Excerpts from the startling internal Enron letter were released Monday by Rep. Billy Tauzin, R-La., chairman of the House Energy and Commerce Committee, one of a handful of congressional committees planning to hold hearings soon on the spectacular collapse of Enron.
The memo, sent to Lay in August by Sherron Watkins, Enron's vice president of corporate development, expresses concern that the energy trading company "will implode in a wave of accounting scandals," and raises further questions about Lay's knowledge of his company's inner workings.
"I thought he should know the facts and look into them," Watkins told ABCNEWS this afternoon, when asked why she sent the letter to Lay. She said the CEO's reaction was one of "concern, surprise, and he assured me he would look into it."
Read the Letter from Sherron Watkins to Kenneth Lay
Watkins took a confrontational tone in her note, beginning with a pointed question: "Has Enron become a risky place to work? For those of us who didn't get rich over the last few years, can we afford to stay?"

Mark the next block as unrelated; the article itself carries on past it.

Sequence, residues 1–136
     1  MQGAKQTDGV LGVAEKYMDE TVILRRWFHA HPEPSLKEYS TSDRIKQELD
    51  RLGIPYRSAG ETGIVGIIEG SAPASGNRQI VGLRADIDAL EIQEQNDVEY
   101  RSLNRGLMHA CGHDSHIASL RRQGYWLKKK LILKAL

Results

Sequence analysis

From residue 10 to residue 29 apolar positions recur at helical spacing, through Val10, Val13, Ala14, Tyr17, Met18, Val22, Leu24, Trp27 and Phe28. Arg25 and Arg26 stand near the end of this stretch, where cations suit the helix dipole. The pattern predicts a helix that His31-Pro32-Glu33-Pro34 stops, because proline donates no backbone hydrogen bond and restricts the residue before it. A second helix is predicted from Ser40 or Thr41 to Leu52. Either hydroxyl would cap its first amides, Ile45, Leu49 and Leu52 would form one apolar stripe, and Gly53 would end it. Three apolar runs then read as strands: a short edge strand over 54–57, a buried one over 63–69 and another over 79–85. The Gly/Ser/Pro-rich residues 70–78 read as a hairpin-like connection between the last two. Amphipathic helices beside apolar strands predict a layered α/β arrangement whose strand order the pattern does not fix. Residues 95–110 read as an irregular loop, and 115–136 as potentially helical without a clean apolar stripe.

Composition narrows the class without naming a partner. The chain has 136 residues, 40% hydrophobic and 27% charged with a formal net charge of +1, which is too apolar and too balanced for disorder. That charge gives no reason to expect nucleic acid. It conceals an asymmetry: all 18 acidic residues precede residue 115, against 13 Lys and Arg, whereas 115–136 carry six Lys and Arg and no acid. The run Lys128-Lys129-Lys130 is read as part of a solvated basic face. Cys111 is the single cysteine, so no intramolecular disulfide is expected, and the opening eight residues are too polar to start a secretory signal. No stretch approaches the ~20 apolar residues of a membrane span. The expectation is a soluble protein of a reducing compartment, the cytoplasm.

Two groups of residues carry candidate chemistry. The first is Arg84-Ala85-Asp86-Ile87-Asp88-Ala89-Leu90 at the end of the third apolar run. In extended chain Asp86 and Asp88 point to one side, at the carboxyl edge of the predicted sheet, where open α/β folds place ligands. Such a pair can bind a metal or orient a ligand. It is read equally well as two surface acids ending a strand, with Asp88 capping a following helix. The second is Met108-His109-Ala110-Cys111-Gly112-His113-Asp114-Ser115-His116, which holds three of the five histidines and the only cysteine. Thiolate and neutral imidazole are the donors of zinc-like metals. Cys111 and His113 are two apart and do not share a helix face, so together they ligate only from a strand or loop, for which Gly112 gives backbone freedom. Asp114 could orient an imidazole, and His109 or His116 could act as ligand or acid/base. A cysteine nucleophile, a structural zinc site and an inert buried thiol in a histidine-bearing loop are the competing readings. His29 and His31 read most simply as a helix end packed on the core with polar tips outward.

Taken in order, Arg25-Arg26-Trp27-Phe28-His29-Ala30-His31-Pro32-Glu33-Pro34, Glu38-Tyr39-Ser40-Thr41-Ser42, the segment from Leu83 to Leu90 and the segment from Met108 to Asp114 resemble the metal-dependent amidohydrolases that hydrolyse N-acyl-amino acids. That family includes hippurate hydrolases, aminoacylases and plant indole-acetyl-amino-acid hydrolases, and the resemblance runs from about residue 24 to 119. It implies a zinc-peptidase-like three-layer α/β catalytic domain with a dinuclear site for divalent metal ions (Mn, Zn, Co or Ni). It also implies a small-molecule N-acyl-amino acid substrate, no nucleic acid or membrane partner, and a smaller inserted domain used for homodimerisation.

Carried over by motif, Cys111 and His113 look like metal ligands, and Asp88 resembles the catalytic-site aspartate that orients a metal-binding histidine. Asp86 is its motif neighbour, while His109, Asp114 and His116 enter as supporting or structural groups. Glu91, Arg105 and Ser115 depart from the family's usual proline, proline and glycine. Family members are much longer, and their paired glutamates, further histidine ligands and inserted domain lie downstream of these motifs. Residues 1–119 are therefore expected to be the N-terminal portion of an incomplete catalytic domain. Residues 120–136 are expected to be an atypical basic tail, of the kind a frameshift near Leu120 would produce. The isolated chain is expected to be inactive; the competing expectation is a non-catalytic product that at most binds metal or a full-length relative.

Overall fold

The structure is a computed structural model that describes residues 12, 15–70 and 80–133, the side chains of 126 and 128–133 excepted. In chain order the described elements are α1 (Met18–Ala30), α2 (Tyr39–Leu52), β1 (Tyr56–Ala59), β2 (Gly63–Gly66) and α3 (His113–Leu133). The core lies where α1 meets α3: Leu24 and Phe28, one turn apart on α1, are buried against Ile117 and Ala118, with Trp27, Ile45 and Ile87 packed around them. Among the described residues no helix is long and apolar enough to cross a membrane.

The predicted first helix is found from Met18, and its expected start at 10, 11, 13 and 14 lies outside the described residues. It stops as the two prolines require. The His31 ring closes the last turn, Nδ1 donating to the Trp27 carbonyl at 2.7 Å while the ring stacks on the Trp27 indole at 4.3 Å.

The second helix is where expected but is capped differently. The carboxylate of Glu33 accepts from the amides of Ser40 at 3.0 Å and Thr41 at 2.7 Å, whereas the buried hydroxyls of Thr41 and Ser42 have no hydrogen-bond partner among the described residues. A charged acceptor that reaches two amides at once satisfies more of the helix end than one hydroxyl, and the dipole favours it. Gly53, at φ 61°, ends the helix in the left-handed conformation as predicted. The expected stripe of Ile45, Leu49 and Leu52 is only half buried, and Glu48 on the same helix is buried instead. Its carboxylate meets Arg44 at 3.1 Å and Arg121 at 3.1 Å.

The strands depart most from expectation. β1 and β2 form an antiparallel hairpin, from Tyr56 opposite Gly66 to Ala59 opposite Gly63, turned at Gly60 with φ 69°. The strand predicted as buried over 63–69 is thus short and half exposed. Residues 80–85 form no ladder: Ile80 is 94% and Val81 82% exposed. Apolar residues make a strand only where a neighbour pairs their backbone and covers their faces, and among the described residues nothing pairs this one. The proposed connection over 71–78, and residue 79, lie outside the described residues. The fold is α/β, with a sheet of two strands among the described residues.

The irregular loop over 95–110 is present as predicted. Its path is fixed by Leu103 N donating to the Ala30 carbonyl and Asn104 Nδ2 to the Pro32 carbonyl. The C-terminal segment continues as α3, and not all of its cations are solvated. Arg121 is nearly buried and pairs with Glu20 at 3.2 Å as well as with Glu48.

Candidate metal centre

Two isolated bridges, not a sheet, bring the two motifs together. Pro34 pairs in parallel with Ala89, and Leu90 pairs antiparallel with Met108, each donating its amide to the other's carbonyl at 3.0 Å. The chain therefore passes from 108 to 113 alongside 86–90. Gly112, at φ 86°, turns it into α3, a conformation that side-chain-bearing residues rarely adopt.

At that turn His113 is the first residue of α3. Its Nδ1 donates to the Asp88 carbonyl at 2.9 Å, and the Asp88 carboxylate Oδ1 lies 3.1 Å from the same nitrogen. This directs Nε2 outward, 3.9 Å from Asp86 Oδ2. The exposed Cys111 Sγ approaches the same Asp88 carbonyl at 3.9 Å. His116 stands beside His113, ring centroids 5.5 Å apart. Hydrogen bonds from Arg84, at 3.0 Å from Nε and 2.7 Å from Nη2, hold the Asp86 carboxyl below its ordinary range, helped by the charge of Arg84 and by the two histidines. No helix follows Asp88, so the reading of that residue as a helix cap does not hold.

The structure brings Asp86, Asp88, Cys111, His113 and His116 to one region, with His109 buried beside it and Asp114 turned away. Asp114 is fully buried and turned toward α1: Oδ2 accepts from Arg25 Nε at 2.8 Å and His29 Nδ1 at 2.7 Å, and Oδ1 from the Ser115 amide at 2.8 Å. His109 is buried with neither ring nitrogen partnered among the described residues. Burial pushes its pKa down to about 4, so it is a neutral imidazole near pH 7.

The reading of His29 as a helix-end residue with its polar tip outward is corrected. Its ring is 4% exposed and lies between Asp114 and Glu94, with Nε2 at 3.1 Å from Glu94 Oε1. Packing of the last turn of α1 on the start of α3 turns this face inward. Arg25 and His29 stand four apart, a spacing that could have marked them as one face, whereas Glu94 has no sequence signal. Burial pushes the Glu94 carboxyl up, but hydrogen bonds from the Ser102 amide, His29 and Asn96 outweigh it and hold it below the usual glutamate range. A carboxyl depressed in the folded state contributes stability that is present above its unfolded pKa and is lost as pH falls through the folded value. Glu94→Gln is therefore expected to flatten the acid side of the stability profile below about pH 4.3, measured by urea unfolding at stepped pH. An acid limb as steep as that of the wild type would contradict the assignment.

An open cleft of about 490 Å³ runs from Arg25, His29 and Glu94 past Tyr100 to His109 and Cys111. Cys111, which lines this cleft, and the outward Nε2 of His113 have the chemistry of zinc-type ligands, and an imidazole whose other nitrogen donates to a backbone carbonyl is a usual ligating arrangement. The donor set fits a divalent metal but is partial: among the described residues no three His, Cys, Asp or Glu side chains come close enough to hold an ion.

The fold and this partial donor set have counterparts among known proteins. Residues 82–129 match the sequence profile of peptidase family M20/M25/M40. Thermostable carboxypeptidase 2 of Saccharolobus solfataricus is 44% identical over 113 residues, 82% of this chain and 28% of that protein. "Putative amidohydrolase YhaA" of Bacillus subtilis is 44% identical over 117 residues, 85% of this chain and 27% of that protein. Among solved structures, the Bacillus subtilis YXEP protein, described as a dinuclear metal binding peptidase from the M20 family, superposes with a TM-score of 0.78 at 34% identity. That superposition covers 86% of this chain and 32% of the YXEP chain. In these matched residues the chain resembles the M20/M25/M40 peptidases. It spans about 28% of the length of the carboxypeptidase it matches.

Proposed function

Watkins went on to complain about a "veil of secrecy" surrounding the so-called special-purpose entities in which Enron masked hundreds of millions of dollars of debt and investment losses. Watkins added that company officials "consistently and constantly" complained about the accounting practices to former Enron CEO Jeffrey Skilling, who was replaced by Lay in August.
"I am incredibly nervous that we will implode in a wave of accounting scandals," wrote Watkins, who noted: "We are under too much scrutiny and there are probably one or two disgruntled 'redeployed' employees who know enough about the 'funny' accounting to get us in trouble."
In response to Watkins' concerns, Lay asked Enron's law firm, Vinson & Elkins, to investigate the matter. But Enron also asked its lawyers to refrain from "second-guessing the accounting advice and treatment" given by Arthur Andersen.
What Did Management Know?
Watkins' letter is just the latest indication that the highest levels of Enron management knew about the working of the investment vehicles, whose financial assets were not publicly disclosed until October.